### 2014 IMO SL #N3

For each positive integer $n$, the Bank of Cape Town issues coins of denomination $\frac1n$. Given a finite collection of such coins (of not necessarily different denominations) with total value at most most $99+\frac12$, prove that it is possible to split this collection into $100$ or fewer groups, such that each group has total value at most $1$.

How On God's Green Earth Is This Number Theory?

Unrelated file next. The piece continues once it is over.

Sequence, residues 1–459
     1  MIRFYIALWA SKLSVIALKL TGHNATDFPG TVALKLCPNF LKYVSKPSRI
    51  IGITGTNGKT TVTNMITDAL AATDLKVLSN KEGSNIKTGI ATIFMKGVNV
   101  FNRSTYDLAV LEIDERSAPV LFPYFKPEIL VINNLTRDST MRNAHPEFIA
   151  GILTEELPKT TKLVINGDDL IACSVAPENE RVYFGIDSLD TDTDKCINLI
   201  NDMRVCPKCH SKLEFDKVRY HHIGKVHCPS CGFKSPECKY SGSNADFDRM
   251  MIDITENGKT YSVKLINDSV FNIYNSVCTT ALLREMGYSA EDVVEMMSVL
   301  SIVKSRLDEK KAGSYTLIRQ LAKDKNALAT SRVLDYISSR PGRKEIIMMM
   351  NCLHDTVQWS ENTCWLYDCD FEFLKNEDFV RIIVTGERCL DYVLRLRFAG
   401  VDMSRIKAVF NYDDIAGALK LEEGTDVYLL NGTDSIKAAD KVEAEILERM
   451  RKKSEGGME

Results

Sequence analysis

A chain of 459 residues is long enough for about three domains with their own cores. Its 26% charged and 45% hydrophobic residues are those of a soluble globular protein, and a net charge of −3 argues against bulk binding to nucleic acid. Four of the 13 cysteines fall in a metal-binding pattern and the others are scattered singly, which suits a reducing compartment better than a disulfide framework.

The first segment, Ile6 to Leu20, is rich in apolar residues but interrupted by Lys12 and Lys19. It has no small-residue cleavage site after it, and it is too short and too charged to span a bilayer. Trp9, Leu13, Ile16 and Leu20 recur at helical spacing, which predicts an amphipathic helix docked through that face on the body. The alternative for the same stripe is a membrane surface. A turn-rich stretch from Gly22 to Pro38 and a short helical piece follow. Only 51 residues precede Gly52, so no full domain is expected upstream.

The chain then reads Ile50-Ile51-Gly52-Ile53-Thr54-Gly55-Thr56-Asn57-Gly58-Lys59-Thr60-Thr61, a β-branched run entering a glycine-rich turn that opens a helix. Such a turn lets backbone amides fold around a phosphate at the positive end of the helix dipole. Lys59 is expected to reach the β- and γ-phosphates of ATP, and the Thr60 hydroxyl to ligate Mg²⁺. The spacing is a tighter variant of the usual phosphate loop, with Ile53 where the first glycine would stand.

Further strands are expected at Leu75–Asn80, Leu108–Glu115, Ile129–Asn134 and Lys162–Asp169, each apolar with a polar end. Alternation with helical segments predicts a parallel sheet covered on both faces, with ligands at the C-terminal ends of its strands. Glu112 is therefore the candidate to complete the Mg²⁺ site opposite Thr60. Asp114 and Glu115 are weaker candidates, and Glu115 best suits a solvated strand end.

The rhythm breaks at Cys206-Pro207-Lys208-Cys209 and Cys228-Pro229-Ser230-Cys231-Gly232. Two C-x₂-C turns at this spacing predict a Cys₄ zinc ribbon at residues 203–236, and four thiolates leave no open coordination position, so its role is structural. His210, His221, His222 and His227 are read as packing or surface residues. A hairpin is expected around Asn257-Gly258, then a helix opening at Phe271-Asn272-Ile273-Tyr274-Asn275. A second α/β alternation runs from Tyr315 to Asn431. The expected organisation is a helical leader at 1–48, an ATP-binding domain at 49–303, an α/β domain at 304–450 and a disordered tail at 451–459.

We generalize this for $k, k-\frac{1}{2}$ instead of $100, 99+\frac{1}{2}$. We present the steps to show the desired. First of all, put all coins with value $1$ into their own group, and then combine every two coins with value $\frac{1}{2m}$ into $\frac{1}{m}$, and lastly, whenever there are at least $x$ coins of value $\frac{1}{x}$, keep making groups of $1$ out of them until we can't anymore. Hence, we can WLOG let there be at most $2m-2$ coins of $\frac{1}{2m-1}$ and at most one coin of $\frac{1}{2m}$, for each $m$. Now, make $k$ groups, and for each $m\in [1, k]$, put all the coins of $\frac{1}{2m}$ and $\frac{1}{2m-1}$ in group $m$. This won't overfill any groups because $\frac{1}{2m}+\frac{2m-2}{2m-1}<1$. After this, the only coins left are $\frac{1}{2k+1}$ and smaller. But note that since the groups right now sum to at most $k-\frac{1}{2}$, so there exists a group with total value at maximum $\frac{1}{N}\left(N-\frac{1}{2}\right)$. This implies the total waste is at least $\frac{1}{2}$, meaning there is a group with waste at least $\frac{1}{2k}$ and we can take a leftover coin and put it in that group. But the total waste will never go below $\frac{1}{2}$, so we can keep repeating what we just did until all the coins are placed in a group, and thus we are done. $\square$